Of course, we do not see this in Malaysia. The election manifestos of both Barisan Nasional and Pakatan Rakyat – our two election alternatives – are very different. There are reasonable explanations for this. For one, it is just a matter of differentiation; parties do not want to be seen as having the same policies, their struggle depends on showing how their set of policies are better than their opponent’s set of policies. Another reason is simply that the Median Voter Theorem just does not hold in Malaysia. I argue, however, that it does. The reason that the election manifestos are so far apart is not because the Median Voter Theorem does not hold but rather, it is because there is incomplete information and different presumptions by both parties as to “who” exactly the Malaysian Median Voter is.
Both BN and PR want to win the elections. Both parties have politician and advisors that are, for the most part, politically savvy and smart. Thus, it would make complete sense for these parties to design manifestos which, while still (hopefully) based on some underlying ideals and principles are most likely to win them the election. We should not discount the possibility that any political party in the world – including BN and PR – would be willing to “massage” their political manifestos to cater to different sets of voters which they believe will help them win elections. If so, then BN and PR are looking for the Malaysian Median Voter and design their manifestos as such.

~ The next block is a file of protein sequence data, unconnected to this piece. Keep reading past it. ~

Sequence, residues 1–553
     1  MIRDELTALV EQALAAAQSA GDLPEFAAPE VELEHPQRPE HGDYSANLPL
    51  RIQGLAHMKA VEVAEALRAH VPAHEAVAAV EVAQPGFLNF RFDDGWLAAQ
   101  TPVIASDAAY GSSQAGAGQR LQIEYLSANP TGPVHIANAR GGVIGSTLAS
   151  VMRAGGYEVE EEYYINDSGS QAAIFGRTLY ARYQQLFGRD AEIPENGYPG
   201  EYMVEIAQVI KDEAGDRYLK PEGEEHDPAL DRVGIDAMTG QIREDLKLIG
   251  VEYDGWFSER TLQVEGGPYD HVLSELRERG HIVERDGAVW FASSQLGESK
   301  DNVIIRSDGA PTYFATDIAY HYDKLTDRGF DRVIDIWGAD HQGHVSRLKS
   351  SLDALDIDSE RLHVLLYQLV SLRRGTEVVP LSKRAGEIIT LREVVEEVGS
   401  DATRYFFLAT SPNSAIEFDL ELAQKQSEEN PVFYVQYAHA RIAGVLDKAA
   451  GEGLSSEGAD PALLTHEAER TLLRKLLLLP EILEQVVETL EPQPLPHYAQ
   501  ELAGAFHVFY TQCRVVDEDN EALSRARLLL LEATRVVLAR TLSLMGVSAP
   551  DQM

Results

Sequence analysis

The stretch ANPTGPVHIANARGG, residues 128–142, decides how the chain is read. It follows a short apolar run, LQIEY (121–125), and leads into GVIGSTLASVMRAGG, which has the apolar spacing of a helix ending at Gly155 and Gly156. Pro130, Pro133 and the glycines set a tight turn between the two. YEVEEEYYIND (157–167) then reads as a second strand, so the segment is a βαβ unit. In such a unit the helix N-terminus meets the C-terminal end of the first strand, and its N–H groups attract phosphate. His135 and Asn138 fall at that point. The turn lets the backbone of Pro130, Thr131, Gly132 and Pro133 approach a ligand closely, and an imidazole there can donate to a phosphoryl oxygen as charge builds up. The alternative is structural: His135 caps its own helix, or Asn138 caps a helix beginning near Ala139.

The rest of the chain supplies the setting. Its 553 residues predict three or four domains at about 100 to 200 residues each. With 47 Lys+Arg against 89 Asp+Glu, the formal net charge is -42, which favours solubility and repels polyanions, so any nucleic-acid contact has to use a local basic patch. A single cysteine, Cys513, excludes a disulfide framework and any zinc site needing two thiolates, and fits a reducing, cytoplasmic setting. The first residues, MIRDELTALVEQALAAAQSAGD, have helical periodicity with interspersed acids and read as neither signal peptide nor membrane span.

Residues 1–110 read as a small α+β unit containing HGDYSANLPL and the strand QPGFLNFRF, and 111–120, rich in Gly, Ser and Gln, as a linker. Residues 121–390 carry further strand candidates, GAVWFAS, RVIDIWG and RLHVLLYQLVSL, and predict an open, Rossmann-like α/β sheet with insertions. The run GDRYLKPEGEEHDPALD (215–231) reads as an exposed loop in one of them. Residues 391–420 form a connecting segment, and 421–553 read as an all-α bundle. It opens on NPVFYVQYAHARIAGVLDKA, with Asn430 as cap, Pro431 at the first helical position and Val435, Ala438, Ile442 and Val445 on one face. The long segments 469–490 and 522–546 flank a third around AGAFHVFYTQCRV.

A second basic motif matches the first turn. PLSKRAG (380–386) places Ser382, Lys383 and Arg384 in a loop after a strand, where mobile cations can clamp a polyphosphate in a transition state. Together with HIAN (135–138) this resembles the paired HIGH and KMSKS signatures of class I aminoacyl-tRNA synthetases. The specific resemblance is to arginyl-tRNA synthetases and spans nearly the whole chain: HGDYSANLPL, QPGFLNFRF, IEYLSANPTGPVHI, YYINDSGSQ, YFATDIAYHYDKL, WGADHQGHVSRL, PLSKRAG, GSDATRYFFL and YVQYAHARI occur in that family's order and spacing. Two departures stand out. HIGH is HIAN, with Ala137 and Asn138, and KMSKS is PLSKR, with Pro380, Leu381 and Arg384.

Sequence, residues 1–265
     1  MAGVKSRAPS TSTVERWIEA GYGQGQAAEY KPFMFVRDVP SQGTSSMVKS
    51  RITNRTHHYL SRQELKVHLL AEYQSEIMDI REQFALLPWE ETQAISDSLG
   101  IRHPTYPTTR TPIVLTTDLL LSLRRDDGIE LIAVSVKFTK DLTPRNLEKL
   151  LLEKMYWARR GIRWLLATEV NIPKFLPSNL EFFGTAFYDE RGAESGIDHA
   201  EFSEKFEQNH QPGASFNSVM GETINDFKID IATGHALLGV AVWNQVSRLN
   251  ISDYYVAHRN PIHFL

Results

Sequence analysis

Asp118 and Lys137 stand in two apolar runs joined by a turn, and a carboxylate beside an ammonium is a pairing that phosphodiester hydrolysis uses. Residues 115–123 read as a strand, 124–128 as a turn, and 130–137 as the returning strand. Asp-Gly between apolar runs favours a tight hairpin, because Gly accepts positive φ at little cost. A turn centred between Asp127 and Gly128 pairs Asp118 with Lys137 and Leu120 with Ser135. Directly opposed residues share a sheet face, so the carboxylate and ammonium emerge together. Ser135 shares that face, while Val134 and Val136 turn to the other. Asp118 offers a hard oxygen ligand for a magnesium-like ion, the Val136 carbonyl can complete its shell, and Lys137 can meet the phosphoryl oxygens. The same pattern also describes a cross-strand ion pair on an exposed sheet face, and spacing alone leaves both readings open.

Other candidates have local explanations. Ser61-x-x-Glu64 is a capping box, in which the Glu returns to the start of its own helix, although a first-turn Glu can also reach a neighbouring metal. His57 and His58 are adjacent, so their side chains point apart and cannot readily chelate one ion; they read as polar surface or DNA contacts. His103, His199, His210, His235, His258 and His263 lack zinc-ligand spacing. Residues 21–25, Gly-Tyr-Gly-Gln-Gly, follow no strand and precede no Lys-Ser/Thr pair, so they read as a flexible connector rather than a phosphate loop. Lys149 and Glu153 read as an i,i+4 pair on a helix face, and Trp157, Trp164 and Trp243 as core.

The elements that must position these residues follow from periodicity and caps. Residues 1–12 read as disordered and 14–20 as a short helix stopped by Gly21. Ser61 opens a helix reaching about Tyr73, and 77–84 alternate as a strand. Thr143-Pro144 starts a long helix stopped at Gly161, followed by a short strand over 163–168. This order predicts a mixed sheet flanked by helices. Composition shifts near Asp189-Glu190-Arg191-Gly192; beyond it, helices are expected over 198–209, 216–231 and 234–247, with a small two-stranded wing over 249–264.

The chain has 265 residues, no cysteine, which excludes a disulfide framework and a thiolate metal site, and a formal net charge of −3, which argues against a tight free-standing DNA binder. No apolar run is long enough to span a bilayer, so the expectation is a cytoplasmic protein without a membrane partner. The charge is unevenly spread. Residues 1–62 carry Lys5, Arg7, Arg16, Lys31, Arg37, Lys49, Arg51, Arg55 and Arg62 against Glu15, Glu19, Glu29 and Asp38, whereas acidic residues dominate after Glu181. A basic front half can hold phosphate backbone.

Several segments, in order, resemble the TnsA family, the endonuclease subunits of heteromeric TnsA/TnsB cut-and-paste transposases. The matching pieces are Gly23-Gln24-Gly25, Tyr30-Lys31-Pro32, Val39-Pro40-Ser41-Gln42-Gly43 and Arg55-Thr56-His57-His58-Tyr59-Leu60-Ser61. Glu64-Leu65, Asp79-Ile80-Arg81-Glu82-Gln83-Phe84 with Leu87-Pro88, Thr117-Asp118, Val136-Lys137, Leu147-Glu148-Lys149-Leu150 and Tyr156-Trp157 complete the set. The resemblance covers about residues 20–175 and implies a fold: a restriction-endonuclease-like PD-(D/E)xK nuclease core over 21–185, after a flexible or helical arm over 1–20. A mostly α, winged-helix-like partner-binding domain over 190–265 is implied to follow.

Given incomplete information – since no one but God and Google knows everything – it stands to reason that different parties may have different conceptions of the Median Voter. BN may believe that the Median Voter approves of the GST or the Sedition Act. PR may believe that the Median Voter does not. After all, if every voter is against, say, the Sedition Act, and the Sedition Act is an important policy of interest in elections, it makes no sense for BN to continue postponing the abolishment of the Sedition Act. Prime Minister Datuk’ Seri Najib Razak would not have said that the government would not rush into replacing the Sedition Act with a new law before studying all relevant aspects. In fact, if the Median Voter did want the Sedition Act abolished, politically expedient parties would hasten the abolishment of the Sedition Act.